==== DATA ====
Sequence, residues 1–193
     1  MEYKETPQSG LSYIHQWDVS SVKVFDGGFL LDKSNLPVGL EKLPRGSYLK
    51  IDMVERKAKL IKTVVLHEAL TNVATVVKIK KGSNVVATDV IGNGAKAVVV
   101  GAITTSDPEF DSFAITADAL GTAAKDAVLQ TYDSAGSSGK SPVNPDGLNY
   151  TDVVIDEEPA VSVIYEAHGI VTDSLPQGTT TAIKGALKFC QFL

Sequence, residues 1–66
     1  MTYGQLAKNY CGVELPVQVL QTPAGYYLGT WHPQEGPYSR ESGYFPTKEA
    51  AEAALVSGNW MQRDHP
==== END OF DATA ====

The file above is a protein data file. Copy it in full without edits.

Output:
Sequence, residues 1–193
     1  MEYKETPQSG LSYIHQWDVS SVKVFDGGFL LDKSNLPVGL EKLPRGSYLK
    51  IDMVERKAKL IKTVVLHEAL TNVATVVKIK KGSNVVATDV IGNGAKAVVV
   101  GAITTSDPEF DSFAITADAL GTAAKDAVLQ TYDSAGSSGK SPVNPDGLNY
   151  TDVVIDEEPA VSVIYEAHGI VTDSLPQGTT TAIKGALKFC QFL

Sequence, residues 1–66
     1  MTYGQLAKNY CGVELPVQVL QTPAGYYLGT WHPQEGPYSR ESGYFPTKEA
    51  AEAALVSGNW MQRDHP